Watch and learn, moron.

            Like your entire Collective, you live in delusion.

            OK with me. I like you stupid.

          • Arthur says:

            See West, Allen. Unemployed crackpot.

          • Arthur says:

            See Walsh, Joe. Unemployed deadbeat dad.

          • Ragspierre says:

            Wrong again, idiot.

            West is employed. He is no crackpot, which is why he was targeted for defeat by your Collective.

            Too big a threat!

          • Ragspierre says:

            “See Walsh, Joe. Unemployed deadbeat dad.”

            I don’t know Walsh. But is it your contention that there are no deadbeat dads/moms among the Deemocrats? Of course, you are all over getting them out of office, right?

  6. Yu-Ain Gonnano says:

    No, the problem is that many of those “rights and freedoms” that Washington is a threat to are the right to not have to pay for your own birth control out of pocket, the right not to have to live next door to those icky gun owners, the right not to be exposed to those intolerant Jesus Freaks, the right to lower standards for minorities, the right to a “living wage” (i.e. the right to be unemployed at a fair and equitable wage), etc.

    When your concept of “rights and freedoms” are what others must provide you against their will, that’s not an opportunity for smaller government.

  7. Southern Man says:

    Both of the big parties are statist; they both want big government. I vote pretty much straight Tea Party and support TP supporters in the local Republican party to rebuild that party from the ground up. And I write messages to that effect on every fundraising letter the GOP sends me and send it back to them in their postage paid envelope. Think they’ll ever get the message?

  8. Abelard Lindsey says:

    In an ideal world, the GOP would capitalize on the natural skepticism of government on the part of most Americans. However, the GOP believes in too much bogosity of its own.

    To reasonable people, conservatism means 1) limited government, 2) less government regulation, and 3) lower taxes. That’s it. Unfortunately, many in the GOP believe in other things as well and are obsessed with promoting them. This is why the GOP keeps loosing and will continue to do so.

    • Ragspierre says:

      I’m a “reasonable people” and your 1,2,3 is bullshit.

      It is a start, but it is hardly what Conservatives believe.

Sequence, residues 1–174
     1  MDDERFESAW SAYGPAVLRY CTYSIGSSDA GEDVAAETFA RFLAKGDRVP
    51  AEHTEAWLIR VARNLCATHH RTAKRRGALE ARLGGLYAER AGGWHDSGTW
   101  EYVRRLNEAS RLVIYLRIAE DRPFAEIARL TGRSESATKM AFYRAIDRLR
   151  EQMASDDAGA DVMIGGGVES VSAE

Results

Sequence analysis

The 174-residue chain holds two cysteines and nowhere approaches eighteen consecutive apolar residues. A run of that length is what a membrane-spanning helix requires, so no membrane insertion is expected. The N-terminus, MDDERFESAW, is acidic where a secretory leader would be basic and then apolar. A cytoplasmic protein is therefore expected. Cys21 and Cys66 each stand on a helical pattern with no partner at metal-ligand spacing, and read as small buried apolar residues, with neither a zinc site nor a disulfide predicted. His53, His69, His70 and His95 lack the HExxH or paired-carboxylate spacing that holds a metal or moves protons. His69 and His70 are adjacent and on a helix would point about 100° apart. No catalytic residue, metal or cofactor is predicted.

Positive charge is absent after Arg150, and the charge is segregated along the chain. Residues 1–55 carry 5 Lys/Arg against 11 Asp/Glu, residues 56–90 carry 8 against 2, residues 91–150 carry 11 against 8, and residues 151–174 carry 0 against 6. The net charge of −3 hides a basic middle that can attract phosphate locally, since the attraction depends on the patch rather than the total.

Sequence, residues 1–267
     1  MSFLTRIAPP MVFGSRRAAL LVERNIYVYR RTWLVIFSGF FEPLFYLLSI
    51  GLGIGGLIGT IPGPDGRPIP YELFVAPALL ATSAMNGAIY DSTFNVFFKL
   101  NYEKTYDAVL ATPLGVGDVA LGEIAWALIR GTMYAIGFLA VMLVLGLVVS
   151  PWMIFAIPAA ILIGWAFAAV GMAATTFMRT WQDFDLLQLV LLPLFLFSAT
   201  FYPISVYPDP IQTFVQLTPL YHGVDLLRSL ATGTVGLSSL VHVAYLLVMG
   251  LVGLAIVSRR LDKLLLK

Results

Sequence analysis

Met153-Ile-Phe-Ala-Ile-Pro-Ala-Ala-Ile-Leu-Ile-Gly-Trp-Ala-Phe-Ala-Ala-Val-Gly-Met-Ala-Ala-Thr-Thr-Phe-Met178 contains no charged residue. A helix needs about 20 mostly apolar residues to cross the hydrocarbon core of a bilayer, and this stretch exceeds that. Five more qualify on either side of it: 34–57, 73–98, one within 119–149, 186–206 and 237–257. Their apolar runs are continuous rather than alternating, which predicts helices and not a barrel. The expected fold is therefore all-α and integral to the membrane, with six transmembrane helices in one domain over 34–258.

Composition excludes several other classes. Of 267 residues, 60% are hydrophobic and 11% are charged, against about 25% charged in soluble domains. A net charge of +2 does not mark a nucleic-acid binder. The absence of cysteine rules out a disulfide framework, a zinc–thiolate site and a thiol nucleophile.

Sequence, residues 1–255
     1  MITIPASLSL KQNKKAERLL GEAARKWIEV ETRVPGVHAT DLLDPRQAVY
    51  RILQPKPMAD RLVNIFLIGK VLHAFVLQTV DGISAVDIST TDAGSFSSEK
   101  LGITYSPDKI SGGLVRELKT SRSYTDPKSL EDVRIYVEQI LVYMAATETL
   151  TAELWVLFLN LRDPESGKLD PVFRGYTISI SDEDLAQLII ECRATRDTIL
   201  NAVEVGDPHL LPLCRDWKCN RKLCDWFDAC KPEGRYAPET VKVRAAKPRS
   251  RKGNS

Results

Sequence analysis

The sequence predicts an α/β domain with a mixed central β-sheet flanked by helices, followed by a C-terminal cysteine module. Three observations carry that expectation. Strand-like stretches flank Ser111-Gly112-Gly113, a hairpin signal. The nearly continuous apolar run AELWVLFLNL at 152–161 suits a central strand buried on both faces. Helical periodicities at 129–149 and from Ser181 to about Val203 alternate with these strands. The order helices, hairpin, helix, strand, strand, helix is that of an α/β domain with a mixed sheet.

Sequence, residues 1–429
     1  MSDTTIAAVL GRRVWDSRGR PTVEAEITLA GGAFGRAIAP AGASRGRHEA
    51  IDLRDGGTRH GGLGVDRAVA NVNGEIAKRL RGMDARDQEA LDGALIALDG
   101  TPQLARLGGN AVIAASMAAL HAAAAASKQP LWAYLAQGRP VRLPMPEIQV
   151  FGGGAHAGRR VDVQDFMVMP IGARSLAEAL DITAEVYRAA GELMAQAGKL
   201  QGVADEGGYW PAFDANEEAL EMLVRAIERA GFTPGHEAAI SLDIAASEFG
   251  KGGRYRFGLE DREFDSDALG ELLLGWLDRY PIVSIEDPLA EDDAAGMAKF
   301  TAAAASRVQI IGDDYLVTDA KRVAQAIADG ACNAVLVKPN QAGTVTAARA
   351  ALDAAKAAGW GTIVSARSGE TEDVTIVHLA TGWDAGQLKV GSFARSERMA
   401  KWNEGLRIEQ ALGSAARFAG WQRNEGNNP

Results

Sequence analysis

9. The GOP and the right will lose elections until the articulate a POSITIVE vision for America.

    Romney clearly didn’t cut it. Ryan might have had he been at the top of the ticket.

    The fact is Americans don’t want “Galt’s Gulch” libertarianism, and likely never will.

    You have to sell Americans a more positive vision of a sustainable, honest, transparent safety net that won’t bankrupt the nation.

    The Tea party message of “back to the founding” tops out at 20-25% of the vote.

    Give Americans a positive FUTURE vision backed by real numbers (not “growth will solve our problems” BS), and they will vote for you.

    • Ragspierre says:

      I’m always amazed at how dumb people are who presume to tell Conservatives what they should or shouldn’t do.

      Conservatives ARE positive, by-in-large. We tend to be optimistic, and WE actually like people.

      “Galt’s Gulch” was a metaphor. There are, in the real world, millions of Galt’s Gulch places to go…or ways to go Galt without moving. You can see it happen all over the world.

      Please post your support for a survey on “back to the founding”.

      Please support YOUR BS regarding “growth will solve our problems” straw man.

      • Rags,

        I’m every bit as conservative as you are, perhaps more so if the link below is the standard.

        I reserve the right to critique my compatriots. It isn’t as if the 100s of millions spent on Heritage, et. al. or decades of talk radio bloviation has helped us that much.

        I agree with you in part re: Galt’s Gulch, but too many on our side believe it can be enacted. It can’t.

        As for the growth argument, I agree that it is necessary component of the solution, but it isn’t enough.

        Social Security and the Medi-stuff MUST be transformed. There isn’t enough growth in the world to fund them as they stand.

        I just wish some on our side would quite bloviating and propose solutions that can be sold to a percentage of the “low information voters” that are the Dems bread and butter.

        Sorry I ticked you off. I’m one of you. I’m just sick of losing.

  10. Neo says:

    Nothing we’re going to do is going to fundamentally alter or eliminate the possibility of another mass shooting or guarantee that we will bring gun deaths down to a thousand a year from what we’re at now,” Biden said, according to a Politico report.

    What is it good for ? .. Absolutely nothing

    • Ragspierre says:

      What is it good for ?

      “Command and control.”

      You can’t trust people, if you are a Collectivist.

  11. LEOnides says: